Conducting thin rods with a length of half the wavelength of microwaves produced by the kitchen microwave oven, such as dress pins or mechanical pencil leads, absorb microwaves efficiently. Electrons in rods accelerated by microwaves are emitted from both ends of the rods, collide with surrounding gas molecules, and create plasma. Spectra with a single bright emission line at a wavelength of about 587 nm in the visual light range were observed, regardless of the material the rod was made from.
In order to clarify the relationship between the structural color and the nanolevel structure of bird feathers, the cortical thin-film structure, the shape of melanin granules, and their arrangement were observed using transmission electron microscopy. The reflection spectra were calculated based on the electron microscopic image data using Fresnel's equation to simulate a thin-film interference and Bragg's law to simulate a photonic crystal, then were compared with the actual reflection spectra. The simulation spectra calculated using Fresnel's equation were very similar to the reflection spectra from dove and mallard feathers. The reflection spectra from each part of the eye-spot pattern of peacock feathers were very similar to both simulation spectra using Fresnel's and Bragg's equations. In the peacock feathers, the structural color from the cortex and the three-dimensional photonic crystal consisting of the lattice structure of rod-shaped melanin granules were fused to further enhance the selectivity.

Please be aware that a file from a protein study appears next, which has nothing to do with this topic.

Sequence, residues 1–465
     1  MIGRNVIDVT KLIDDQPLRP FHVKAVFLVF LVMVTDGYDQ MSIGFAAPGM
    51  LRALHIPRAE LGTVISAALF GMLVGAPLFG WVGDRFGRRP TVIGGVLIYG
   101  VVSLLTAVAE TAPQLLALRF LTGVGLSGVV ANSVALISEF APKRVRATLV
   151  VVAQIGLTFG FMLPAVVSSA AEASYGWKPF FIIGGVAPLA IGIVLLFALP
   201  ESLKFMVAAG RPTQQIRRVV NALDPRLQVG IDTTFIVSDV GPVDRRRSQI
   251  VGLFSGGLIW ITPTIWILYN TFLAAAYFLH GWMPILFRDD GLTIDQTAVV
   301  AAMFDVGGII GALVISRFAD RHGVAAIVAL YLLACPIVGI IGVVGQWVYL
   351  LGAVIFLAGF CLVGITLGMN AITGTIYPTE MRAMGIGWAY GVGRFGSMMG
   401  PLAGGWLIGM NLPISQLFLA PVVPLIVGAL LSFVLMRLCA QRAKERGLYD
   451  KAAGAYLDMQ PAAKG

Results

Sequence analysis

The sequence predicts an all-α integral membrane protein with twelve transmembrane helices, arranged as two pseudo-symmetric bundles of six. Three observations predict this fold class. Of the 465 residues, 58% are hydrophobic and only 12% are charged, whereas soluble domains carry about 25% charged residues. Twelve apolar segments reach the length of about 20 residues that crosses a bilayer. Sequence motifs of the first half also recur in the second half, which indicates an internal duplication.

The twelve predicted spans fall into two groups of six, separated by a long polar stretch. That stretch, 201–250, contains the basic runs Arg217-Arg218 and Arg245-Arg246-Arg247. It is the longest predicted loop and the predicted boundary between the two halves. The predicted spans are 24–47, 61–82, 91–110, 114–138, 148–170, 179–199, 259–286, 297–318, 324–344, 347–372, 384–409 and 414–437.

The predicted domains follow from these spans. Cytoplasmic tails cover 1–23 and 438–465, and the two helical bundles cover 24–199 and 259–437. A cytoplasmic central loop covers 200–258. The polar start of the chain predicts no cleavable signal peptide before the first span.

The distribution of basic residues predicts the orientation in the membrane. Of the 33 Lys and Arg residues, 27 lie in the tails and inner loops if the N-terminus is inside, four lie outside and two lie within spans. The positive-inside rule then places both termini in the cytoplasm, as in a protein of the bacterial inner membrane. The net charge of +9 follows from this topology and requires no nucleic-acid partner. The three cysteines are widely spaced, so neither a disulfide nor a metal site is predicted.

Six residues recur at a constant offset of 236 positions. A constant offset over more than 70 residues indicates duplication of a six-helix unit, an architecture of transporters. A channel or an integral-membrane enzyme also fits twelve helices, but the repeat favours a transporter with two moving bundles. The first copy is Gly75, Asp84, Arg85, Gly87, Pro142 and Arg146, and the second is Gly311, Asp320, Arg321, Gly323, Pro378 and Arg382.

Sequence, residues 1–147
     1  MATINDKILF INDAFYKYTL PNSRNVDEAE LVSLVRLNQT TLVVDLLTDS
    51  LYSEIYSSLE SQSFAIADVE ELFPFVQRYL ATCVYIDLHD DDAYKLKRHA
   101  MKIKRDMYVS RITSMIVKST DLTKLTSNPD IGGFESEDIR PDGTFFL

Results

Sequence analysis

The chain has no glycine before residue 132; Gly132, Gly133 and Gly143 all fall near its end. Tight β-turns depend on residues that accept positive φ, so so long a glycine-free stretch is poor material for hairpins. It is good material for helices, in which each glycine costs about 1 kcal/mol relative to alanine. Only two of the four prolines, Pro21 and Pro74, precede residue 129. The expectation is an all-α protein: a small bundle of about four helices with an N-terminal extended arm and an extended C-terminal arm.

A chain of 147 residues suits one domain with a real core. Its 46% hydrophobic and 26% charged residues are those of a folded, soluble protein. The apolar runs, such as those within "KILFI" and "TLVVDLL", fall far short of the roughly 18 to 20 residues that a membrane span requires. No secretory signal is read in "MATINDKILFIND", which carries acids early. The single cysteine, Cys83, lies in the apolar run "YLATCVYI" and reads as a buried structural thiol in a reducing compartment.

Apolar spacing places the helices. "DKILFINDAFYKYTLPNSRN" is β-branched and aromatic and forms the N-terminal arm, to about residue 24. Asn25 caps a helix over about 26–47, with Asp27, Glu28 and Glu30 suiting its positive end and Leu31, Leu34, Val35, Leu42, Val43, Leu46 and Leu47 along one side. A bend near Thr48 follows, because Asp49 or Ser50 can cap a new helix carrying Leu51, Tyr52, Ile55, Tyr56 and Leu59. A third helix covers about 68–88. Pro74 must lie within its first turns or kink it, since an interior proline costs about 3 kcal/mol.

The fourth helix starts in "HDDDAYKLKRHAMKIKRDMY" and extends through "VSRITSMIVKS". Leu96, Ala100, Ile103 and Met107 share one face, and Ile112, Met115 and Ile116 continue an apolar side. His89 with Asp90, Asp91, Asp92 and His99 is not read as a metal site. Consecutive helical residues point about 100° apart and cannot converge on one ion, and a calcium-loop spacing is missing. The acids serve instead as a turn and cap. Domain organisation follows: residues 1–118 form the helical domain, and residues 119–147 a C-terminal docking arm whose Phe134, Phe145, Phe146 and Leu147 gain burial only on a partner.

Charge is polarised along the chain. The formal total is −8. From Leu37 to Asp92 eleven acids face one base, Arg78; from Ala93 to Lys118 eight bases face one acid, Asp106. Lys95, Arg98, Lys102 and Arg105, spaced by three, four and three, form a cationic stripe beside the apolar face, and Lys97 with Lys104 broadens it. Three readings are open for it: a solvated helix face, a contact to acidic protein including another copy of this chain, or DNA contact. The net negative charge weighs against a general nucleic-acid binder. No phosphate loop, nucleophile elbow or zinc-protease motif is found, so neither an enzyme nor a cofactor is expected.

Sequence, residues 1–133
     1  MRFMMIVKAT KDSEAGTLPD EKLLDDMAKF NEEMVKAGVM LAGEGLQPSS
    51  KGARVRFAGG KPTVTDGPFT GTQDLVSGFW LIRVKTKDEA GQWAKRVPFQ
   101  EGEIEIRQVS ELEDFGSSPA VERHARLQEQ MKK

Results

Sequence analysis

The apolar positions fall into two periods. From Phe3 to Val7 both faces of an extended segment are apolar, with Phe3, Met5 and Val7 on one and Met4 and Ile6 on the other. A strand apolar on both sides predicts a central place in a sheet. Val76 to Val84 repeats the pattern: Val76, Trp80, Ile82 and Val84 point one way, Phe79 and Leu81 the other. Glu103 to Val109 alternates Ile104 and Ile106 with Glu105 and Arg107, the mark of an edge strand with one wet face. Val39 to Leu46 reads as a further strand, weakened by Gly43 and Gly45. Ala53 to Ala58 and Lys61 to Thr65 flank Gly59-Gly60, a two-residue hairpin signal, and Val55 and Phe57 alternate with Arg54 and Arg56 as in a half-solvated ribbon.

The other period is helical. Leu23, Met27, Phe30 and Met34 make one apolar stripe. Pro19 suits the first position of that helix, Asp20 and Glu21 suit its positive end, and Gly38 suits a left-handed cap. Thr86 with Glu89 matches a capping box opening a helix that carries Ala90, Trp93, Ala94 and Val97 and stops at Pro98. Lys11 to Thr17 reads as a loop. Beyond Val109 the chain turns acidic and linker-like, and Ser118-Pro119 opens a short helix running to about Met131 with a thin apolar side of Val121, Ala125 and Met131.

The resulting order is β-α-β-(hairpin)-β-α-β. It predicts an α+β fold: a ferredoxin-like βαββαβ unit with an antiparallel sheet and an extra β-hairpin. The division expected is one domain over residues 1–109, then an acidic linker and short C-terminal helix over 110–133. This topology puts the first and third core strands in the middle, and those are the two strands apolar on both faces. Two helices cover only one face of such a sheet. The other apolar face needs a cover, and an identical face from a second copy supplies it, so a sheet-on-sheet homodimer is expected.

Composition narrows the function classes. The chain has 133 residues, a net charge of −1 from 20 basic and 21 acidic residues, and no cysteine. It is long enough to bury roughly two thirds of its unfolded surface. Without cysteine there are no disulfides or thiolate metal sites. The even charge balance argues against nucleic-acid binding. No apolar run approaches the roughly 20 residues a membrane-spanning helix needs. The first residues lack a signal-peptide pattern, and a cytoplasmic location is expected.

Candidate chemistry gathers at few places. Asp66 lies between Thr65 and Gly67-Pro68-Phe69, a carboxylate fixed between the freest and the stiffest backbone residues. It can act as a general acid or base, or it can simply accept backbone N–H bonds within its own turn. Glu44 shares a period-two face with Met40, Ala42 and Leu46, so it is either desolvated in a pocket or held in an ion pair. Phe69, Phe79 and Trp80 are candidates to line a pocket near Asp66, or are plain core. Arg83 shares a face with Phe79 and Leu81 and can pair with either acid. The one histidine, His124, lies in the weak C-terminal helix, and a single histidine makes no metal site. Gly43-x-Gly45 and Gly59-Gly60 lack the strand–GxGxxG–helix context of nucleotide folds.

In a previous study of Dettmann and Georgiou, it was considered such a situation that point-wise particles repeatedly and elastically collided with the wall of a container without any particle-particle collision and eventually escaped through a small window from the container, which can be modeled by an open billiard. In the present study, point-wise particles were replaced with finite-size disks and disk-disk collisions were also considered, and inverse power laws of distributions of dwell time in the container were obtained from numerical simulations.